Bank of America Plaza: From a $436M Purchase to a $235M Foreclosure
- Feb 13, 2012
In 2006, the purchase of the iconic Bank of America Plaza for $436 million, or $348 per square foot, set a new high for the local commercial market, standing as a symbol of the booming Atlanta market. At that time, buyer BentleyForbes was confident in the stability of the market; steady demand along with very little new construction predicted a continuous climb of rents.
At the time of the purchase, Bank of America Plaza—Atlanta’s tallest skyscraper and the tallest U.S. building outside of New York or Chicago—was nearly 99 percent leased. Yet by 2008, the building’s occupancy fell to 86 percent, along with the overall Midtown leasing activity, which decreased about 15 percent. The Atlanta Business Chronicle reports that, in danger of losing the building’s anchor tenant, BentleyForbes asked for $567 million in development authority bonds in order to refinance the acquisition, finance the renovation of the office space and add amenities, restaurants, stores and even a hotel (the hotel idea being dropped the following year). With Boston Consulting leaving the building for the new 1075 Peachtree and Bank of America renewing its lease for less than half of its initial 400,000 square feet, the building’s rental rates dropped from 2006’s $30 per square foot to approximately $25.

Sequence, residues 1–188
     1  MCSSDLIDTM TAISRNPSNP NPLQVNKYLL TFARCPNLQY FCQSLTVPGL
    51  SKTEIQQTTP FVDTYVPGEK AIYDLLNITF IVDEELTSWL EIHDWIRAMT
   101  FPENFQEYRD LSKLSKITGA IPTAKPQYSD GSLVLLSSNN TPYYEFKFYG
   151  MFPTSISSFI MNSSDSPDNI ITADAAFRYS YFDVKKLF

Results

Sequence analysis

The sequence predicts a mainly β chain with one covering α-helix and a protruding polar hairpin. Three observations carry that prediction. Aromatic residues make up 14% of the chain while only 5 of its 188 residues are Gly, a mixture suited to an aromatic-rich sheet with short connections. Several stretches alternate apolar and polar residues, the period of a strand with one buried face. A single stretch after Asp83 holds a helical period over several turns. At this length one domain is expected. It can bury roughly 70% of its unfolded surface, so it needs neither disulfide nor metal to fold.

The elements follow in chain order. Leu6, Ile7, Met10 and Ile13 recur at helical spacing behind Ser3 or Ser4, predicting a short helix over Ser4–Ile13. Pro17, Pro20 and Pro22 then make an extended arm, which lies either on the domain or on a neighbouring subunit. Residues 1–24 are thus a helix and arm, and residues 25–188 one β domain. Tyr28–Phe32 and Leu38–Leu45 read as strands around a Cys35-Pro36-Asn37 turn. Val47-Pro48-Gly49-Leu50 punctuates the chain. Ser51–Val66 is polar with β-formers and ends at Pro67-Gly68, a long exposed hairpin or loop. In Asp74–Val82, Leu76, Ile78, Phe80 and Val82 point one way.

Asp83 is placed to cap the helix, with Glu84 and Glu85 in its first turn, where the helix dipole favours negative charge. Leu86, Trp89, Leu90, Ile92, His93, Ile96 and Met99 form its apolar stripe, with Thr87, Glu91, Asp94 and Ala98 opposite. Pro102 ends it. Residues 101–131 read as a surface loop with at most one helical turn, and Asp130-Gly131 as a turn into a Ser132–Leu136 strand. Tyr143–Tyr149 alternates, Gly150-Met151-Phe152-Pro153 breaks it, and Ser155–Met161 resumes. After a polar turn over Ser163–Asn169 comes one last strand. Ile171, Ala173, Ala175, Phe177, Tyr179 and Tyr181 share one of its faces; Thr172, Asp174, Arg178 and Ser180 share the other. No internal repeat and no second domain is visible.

For the past weeks, BentleyForbes has tried to find a capital partner to help restructure the $363 million mortgage, but has run out of time. Working with LNR Partners for over a year in order to find a way of stabilizing the skyscraper’s capital structure, the only viable solution was that of transferring the ownership of the Bank of America Plaza to LNR as special servicer for the CMBS bond holders they represent.
During a foreclosure auction held Tuesday, February 7, Bank of America Plaza was sold for $235 million—46 percent less than in 2006. According to the Business Chronicle, JPM CC 2006 CIBC17 Office Limited Partnership, an affiliate of the bondholders, took title of the property after placing the $235 million credit bid. The bondholders are advised by special servicer Miami-based LNR Partners LLC.
Photo Credits: BentleyForbes Official Website